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Bereavement is a term which can be used to describe any loss in life but most commonly it is used to describe the death of someone we love and therefore it is practically a universal experience since, sooner or later, someone we love will die.

Everyone deals with bereavement differently and there is no right way to deal with it and no defined time in which to do it.  We cannot begin to understand it until we have experienced it ourselves and even then it is difficult to understand the grief  of others because so much depends on the relationship a person had with the deceased person.

Dealing with bereavement is never easy even when it has been experienced before.  So much depends on how the person died, suddenly or after a long illness, whether the person was old or young, whether we were close to them or not, whether our relationship was good or bad at the time of their death and during their life, whether we can freely express or share our emotions and how we are both physically and emotionally when the other person dies.

Many people describe being shocked and numbed when they hear of a death.  Everything seems unreal and sometimes reality only strikes when they attend the funeral or return home to an empty house.  Feelings of guilt or anger often replace the numbness and many people find it difficult to begin life again and also to sleep.  There may be depression for a time and for those unable to progress through their grief and move on counselling may become necessary either on a one to one basis or in a group.

Religious faith and spirituality often help people to cope with bereavement.  Belief in life after death or the possibility of being reunited one day with a loved one can give comfort to the bereaved.  Well planned funerals or rituals common in different cultures also help the bereaved to be more at peace.  Many faith groups now organise bereavement counselling either for individuals or in groups.  Hospices often provide on going bereavement care for families whose loved ones have been in their care.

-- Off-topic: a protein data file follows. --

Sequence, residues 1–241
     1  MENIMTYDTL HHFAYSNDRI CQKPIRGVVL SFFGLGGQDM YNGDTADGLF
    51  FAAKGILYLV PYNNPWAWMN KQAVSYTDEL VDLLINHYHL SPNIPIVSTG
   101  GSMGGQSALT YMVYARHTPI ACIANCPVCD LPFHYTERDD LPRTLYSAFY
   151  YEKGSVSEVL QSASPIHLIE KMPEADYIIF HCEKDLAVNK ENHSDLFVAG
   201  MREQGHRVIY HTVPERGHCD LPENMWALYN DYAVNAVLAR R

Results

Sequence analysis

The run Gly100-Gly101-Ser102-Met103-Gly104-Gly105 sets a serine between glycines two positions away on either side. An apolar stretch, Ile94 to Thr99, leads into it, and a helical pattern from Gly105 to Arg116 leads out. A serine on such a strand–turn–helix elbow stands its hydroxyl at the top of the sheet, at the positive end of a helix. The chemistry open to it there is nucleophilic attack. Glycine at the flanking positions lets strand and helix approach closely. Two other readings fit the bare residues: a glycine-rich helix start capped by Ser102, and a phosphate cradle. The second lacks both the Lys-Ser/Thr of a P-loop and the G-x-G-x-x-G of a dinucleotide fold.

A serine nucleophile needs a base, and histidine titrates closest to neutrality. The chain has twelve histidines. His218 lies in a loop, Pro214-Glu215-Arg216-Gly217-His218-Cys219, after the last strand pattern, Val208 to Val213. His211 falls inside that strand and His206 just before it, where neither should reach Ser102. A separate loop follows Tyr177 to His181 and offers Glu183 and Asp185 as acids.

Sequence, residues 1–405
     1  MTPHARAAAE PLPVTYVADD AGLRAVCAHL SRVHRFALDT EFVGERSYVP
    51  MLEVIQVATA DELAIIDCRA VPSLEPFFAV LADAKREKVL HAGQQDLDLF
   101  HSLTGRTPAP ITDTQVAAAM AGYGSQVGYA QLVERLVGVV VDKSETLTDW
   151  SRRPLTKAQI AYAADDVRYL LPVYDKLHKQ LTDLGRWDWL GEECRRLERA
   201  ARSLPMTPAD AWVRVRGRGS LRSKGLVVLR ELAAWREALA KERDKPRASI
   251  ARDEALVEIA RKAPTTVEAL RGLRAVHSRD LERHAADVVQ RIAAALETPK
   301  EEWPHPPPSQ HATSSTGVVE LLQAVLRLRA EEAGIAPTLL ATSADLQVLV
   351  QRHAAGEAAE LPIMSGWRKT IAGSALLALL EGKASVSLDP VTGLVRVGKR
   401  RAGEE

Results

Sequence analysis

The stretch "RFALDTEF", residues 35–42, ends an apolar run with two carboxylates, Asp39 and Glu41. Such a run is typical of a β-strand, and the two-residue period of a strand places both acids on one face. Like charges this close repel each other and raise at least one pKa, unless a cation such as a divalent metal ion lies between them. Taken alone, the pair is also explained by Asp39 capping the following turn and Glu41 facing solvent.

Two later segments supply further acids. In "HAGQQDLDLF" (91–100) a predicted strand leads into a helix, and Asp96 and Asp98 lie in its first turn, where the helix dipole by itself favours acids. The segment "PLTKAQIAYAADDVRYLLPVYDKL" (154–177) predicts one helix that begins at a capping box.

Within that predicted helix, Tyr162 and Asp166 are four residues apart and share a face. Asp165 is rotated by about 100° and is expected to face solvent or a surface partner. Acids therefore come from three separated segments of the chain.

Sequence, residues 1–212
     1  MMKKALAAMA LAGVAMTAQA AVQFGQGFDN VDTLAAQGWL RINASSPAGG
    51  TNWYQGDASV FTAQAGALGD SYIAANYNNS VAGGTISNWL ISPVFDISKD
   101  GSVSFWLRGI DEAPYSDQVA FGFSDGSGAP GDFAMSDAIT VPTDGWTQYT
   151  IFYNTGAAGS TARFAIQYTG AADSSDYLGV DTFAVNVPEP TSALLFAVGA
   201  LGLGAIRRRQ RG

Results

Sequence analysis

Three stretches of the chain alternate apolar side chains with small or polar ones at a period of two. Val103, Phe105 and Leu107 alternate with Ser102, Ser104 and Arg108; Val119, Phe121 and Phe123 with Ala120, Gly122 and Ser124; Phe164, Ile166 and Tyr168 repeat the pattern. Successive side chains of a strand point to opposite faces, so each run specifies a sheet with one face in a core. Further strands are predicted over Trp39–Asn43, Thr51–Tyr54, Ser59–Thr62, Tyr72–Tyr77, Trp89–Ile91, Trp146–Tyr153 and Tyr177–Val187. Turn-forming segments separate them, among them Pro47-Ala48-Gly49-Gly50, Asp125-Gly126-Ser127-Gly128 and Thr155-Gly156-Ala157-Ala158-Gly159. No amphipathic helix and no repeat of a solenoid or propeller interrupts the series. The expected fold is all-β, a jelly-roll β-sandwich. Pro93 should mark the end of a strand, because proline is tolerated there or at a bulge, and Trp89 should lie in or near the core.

Giving support to the bereaved can be difficult because today in many cultures death and dying are almost taboo words. Many people feel they do not know what to say to someone who is bereaved and they cannot cope with sudden displays of raw emotion.

Family members are sometimes so caught up in being supportive to one another that they themselves do not deal with their own grief and there can also be situations in which different members of the family are at very different stages of the grief process.

Reading about grief in books and online can be helpful to many and sharing experiences with others can give mutual support and understanding . Bereavement and grieving are natural processes which take time to deal with and only the bereaved person will really know when they are able not to forget but to cherish their memories and move on.


Bereavement Advice Centre Helpline – 0800 634 9494

Cruise Bereavement Care Helpline – 0844 477 9400

Email: or

Samaritans Helpline – 0845 790 9090


Websites for further help and information


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